December 1993

Adrenal Tumor Complicating Untreated 21-Hydroxylase Deficiency in a 5½-Year-Old Boy

Author Affiliations

From the Departments of Endocrinology (Drs Bhatia and Shukla), Surgical Endocrinology (Dr Mishra), and Radiology (Dr Gupta), Sanjay Gandhi Post-Graduate Institute of Medical Sciences, Lucknow, India. Dr Shukla is now with the Post-Graduate Institute of Medical Sciences, Chandigarh, India.

Am J Dis Child. 1993;147(12):1321-1323. doi:10.1001/archpedi.1993.02160360063020

• Objective.  —A 5½-year-old boy presenting with virilization was diagnosed as having classic 21-hydroxylase deficiency complicated by an adrenal tumor. We attempted to document a reduction in the size of the tumor with glucocorticoid therapy.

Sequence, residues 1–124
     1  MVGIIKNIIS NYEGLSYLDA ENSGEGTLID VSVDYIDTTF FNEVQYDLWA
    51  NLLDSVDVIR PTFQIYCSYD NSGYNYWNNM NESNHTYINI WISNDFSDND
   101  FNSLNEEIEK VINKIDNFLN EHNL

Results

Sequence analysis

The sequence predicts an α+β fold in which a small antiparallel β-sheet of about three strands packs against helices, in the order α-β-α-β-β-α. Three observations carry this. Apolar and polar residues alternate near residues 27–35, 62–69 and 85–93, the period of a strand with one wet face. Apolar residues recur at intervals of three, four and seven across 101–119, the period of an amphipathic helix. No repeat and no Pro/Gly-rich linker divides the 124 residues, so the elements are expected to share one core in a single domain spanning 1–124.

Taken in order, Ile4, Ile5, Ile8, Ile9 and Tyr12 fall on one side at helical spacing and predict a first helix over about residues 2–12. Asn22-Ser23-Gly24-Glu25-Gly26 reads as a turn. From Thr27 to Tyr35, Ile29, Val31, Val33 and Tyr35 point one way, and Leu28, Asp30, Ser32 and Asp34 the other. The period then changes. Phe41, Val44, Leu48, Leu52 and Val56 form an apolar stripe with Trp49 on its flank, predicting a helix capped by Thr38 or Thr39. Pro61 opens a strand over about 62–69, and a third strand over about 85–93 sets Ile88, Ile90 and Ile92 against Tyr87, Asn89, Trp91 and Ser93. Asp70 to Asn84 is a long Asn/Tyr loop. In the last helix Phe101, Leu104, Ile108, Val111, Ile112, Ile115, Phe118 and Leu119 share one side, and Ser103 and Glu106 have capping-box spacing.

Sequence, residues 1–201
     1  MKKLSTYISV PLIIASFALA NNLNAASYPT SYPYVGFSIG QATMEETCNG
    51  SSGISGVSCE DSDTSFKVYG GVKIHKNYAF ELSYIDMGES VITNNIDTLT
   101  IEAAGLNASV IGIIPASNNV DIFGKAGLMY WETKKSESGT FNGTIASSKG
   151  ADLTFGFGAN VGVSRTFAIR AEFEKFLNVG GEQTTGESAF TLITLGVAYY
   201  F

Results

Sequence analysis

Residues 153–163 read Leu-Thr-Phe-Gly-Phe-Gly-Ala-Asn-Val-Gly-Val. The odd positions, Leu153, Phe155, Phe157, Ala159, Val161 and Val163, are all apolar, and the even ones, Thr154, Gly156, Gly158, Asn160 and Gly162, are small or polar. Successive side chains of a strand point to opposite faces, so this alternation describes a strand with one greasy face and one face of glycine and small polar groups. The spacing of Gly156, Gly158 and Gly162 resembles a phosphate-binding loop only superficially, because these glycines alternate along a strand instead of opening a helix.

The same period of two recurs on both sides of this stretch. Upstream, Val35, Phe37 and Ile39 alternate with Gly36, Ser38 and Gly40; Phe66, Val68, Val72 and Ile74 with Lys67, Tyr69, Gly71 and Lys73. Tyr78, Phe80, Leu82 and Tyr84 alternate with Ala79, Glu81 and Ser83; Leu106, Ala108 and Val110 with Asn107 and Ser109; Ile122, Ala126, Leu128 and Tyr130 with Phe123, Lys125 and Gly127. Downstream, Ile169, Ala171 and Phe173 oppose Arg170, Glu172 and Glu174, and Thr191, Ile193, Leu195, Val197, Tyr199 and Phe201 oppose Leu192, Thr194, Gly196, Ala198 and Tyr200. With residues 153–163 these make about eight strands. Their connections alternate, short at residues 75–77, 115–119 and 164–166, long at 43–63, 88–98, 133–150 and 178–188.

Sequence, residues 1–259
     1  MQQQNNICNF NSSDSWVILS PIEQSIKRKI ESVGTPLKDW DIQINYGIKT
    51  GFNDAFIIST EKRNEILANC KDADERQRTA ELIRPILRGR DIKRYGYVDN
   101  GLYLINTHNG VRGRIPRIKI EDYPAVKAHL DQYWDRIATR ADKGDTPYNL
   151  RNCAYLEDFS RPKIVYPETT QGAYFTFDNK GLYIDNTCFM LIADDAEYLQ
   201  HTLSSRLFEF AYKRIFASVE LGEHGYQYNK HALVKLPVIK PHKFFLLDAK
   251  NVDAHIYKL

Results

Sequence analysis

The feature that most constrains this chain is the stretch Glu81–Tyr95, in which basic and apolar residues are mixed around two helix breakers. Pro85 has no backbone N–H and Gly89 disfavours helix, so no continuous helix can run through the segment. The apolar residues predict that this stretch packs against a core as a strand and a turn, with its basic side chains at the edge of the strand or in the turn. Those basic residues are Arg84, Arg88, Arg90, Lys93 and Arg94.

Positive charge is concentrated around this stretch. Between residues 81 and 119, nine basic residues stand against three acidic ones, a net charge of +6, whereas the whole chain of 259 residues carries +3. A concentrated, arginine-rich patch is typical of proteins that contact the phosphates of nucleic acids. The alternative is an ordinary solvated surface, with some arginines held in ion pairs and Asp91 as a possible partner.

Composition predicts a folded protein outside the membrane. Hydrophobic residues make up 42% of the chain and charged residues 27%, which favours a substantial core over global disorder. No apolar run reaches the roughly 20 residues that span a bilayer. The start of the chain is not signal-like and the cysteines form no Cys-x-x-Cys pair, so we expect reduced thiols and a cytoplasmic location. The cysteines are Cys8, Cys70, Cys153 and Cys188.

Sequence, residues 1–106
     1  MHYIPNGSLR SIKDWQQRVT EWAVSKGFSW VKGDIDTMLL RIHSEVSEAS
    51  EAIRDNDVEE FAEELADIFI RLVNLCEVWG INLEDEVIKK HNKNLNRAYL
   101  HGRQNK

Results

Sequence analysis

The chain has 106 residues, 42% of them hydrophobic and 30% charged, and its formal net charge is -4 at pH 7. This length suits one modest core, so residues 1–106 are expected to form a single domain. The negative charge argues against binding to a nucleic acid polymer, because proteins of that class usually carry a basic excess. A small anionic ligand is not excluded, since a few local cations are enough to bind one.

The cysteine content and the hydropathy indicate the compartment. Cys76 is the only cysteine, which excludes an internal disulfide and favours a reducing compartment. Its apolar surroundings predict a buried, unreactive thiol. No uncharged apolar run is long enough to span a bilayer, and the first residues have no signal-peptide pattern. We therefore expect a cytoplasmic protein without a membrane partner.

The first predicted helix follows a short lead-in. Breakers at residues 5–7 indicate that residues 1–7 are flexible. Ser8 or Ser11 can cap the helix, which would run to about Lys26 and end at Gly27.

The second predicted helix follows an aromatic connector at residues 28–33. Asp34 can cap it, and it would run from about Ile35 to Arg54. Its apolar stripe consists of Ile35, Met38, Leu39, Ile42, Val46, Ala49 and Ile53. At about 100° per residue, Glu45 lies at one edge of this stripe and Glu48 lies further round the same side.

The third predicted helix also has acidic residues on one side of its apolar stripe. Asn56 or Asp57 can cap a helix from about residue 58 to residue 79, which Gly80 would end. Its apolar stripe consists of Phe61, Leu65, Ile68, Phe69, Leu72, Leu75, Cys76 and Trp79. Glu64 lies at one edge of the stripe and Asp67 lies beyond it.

Design.  —Case study.

Setting.  —Referral center.

Intervention.  —Glucocorticoid therapy was instituted for congenital adrenal hyperplasia. Surgery for the adrenal mass was deferred, and the size of the mass was monitored by serial ultrasonography.

Results.  —Baseline values of serum 17α-hydroxyprogesterone (186.6 nmol/L) and testosterone (24.7 nmol/L [7.1 ng/mL]) were elevated. After instituting steroid treatment, 17α-hydroxyprogesterone was suppressed (13.0 nmol/L), and testosterone remained undetectable on follow-up. However, the size of the mass increased during 6 months. Unilateral adrenalectomy performed at that time revealed a well-encapsulated adenoma in a hyperplastic gland.

Conclusions.  —Untreated classic congenital adrenal hyperplasia may be complicated by an adrenal tumor even at a young age. Suppression of adrenal androgens by glucocorticoid therapy was not accompanied by regression of the tumor in our patient.(AJDC. 1993;147:1321-1323)